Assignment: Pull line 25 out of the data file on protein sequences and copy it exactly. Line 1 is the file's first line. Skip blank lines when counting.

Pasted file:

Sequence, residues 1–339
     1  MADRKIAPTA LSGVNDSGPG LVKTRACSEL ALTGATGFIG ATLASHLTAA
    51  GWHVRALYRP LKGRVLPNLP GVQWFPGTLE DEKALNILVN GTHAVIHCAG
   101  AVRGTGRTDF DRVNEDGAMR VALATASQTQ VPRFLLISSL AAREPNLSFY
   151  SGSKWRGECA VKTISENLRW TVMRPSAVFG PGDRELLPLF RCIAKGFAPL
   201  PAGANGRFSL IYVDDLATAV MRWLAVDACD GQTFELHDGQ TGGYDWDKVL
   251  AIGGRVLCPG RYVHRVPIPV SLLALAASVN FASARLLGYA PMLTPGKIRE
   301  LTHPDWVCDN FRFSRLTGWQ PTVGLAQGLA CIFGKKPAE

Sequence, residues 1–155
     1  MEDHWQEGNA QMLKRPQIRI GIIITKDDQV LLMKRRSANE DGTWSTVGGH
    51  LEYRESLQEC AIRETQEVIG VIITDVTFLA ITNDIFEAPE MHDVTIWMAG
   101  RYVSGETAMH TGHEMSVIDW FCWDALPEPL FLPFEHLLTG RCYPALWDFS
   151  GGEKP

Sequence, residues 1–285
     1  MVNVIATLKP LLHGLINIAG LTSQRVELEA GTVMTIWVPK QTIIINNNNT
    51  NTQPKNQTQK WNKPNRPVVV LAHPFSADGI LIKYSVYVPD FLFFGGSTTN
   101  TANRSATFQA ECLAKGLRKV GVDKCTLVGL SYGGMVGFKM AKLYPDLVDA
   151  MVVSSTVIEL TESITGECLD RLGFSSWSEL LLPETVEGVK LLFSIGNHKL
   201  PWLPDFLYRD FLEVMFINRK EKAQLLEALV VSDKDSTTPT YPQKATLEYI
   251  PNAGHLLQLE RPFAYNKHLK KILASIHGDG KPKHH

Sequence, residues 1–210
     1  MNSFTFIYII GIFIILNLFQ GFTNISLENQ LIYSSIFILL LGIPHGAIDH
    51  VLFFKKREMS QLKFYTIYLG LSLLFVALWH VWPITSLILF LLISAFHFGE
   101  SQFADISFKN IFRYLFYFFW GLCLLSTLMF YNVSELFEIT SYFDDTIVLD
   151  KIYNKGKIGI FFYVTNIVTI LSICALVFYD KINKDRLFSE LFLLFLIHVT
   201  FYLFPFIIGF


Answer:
   151  KIYNKGKIGI FFYVTNIVTI LSICALVFYD KINKDRLFSE LFLLFLIHVT